Much has now been written about the Supreme Court tossing out a $79.5M punitive damage award against Philip Morris in a smoking case where the compensatory damages were $821,000. Philip Morris v. Williams has been greeted by most as a victory for big business in limiting such awards (here, here and here). But it was not.
The key to understanding this is that Justice Stevens dissented. Stevens had formed part of the 6-3 majority in State Farm v. Campbell — the last significant ruling on the law of punitive damages — and State Farm had discussed much smaller ratios of compensatory to punitive damages, of 4-1 and 9-1.
Since Stevens voted to affirm the decision of the Oregon Supreme Court in Philip Morris, for the reasons stated in its opinion, this meant that a 100-1 ratio was within the bounds of acceptability to Stevens, and in accordance with his view of State Farm.
That State Farm majority ruling, often debated because of contradictory and confusing language, had held that an award of $145 million in punitive damages, when full compensatory damages were $1 million, was excessive and in violation of the Due Process Clause of the Fourteenth Amendment.
So how much was too much, became the question that lawyers and judges have asked. Justice Kennedy’s majority opinion in State Farm, citing prior court precedent, said:
[W]e concluded that an award of more than four times the amount of compensatory damages might be close to the line of constitutional impropriety.
He also wrote that:
[F]ew awards exceeding a single-digit ratio between punitive and compensatory damages will satisfy due process.
This was qualified with the following:
Nonetheless, because there are no rigid benchmarks that a punitive damages award may not surpass, ratios greater than those we have previously upheld may comport with due process where “a particularly egregious act has resulted in only a small amount of economic damages.”
Kennedy’s majority decision had also said “We decline again to impose a bright-line ratio which a punitive damages award cannot exceed.” And he had further noted that the injuries in State Farm (as well as its predecessors) were economic, not physical, and that these ratios might not hold up if the harm was physical.
Notwithstanding the qualifiers that Kennedy gave, the 9-1 ratio has been cited, like some talismanic incantation, for the idea that corporate exposure to punitive damages was capped close to that level.
Justice Stevens, in agreeing that the 100-1 ratio was acceptable, and in doing so despite an $800,000 compensatory award, has now completely destroyed that argument. Of the seven remaining justices from the State Farm court, by a vote of 4-3 they would not disrupt the Philip Morris 100-1 punitive verdict based solely on the ratio. (Rehnquist and O’Connor had both sided with the 6-3 majority in State Farm.)
So, unless both Alito and Roberts in a future decision decide that the Constitution calls for some arbitrary protections against those whose reckless behavior injures others, high punitive damage multipliers will be allowed in some cases regarding personal injury. It is worthy to note, in that regard, that both Scalia and Thomas are against such limits and would form part of the new majority of such a decision if they persuade either of the two new justices to join them.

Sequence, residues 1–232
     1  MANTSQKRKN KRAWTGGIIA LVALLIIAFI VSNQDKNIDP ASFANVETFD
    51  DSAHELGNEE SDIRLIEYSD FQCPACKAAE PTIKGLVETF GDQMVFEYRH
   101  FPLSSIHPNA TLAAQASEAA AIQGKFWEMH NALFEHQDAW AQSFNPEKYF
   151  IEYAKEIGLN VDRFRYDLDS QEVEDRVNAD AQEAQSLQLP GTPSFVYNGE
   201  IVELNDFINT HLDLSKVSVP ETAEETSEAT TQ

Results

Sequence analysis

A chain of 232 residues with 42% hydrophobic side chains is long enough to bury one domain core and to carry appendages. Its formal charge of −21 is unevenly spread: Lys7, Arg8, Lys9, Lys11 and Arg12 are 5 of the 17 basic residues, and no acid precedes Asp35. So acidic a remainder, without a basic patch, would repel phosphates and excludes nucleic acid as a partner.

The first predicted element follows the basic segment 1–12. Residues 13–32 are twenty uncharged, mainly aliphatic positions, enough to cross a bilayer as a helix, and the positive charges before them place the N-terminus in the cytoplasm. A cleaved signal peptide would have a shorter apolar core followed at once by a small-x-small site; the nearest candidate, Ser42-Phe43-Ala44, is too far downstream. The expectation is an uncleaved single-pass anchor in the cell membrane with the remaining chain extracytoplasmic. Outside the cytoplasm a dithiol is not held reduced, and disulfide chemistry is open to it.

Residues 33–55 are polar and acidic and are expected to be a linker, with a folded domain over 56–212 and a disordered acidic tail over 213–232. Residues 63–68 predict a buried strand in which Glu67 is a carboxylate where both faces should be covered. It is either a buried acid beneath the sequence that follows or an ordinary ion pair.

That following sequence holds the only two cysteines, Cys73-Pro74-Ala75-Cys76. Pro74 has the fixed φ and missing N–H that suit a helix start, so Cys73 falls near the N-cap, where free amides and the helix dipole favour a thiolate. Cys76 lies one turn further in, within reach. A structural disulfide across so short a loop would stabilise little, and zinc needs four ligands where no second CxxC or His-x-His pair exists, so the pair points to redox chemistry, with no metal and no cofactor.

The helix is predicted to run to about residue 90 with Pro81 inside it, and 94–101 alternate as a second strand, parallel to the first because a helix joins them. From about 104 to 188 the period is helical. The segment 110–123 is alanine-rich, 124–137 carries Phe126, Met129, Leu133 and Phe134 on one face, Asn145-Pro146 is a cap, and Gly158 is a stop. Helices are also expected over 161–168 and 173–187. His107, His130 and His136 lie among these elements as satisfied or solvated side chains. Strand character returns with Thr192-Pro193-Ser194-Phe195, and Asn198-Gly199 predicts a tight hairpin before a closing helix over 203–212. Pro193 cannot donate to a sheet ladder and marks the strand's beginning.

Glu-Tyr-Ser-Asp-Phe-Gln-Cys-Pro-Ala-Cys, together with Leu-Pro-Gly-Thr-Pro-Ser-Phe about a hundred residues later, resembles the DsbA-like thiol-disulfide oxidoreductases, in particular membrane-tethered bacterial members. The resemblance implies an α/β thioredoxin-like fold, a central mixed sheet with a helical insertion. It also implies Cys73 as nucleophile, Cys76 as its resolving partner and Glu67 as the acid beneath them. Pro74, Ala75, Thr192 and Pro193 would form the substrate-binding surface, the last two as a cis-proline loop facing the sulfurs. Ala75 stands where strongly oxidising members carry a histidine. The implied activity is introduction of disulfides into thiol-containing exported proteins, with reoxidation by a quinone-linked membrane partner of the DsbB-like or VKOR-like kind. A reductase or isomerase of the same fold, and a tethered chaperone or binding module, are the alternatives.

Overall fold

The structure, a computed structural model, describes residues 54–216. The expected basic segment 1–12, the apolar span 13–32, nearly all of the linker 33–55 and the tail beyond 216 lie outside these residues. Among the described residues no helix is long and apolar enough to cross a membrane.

While Philip Morris v. Williams represented a set back for that particular litigant (it goes back to Oregon for further consideration), the overall effect of the Stevens dissent may be very bad news for corporate defendants if reckless conduct injures others.
For more on the subject:
- Court Tosses Philip Morris Verdict, And Further Confuses Punitive Damages Issue (this blog);
- More on Philip Morris v. Williams (Point of Law);
- Punitive damages ruling: narrow, confusing victory for business (CNN Money);
- Round-Up (SCOTUS blog)
- US Supreme Court Hears Punitive Damages Case, Again (this blog, Dec. 5, 2006)
- Analysis: Tobacco case going back? (SCOTUS blog, Oct. 31, 2006)
Addendum: 2/24/07 — Upon further review, the case against a 9-1 ratio seems worse for businesses than I had originally stated. I reviewed the transcript of the oral argument, found here, and looked at the comments of Justice Breyer (in response to a comment left here by another). Breyer, in addition to Stevens, was part of the 6-3 majority in State Farm. At page 30, line 5 of the Philip Morris argument Justice Breyer states:
…the more severely awful the conduct, the higher the ratio between the damage award and the injury suffered by this victim in court. And if it’s really bad, you’re going to maybe have a hundred times this compensation instead of only ten times or five times. So — we take it into account, the extent of the harm that could be suffered, in deciding what that ratio should be. That means it goes to the evilness of the conduct.
Breyer seems to indicate that he would not stand in the way of a 100-1 ratio in the right circumstances.
Thus, even if Kennedy and Souter (both part of the State Farm decision) as well as new justices Alito and Roberts all voted for the strictest ratios possible on punitive damages, it wouldn’t seem to matter with the current court composition. The idea peddled by many of a firm 9-1 ratio seems dead in the water with a case involving personal injuries.
I think that any corporation that took comfort in the Philip Morris decision would be making a grave mistake. And while Philip Morris may have won this battle, if the Oregon Supreme Court again upholds the verdict, it appears that they will lose the war of numbers if comes back to the U.S. Supreme Court.
Update: 1/31/08: The Oregon Court of Appeals has once again affirmed the $79.5M punitive damage award.
(Eric Turkewitz is a personal injury attorney in New York)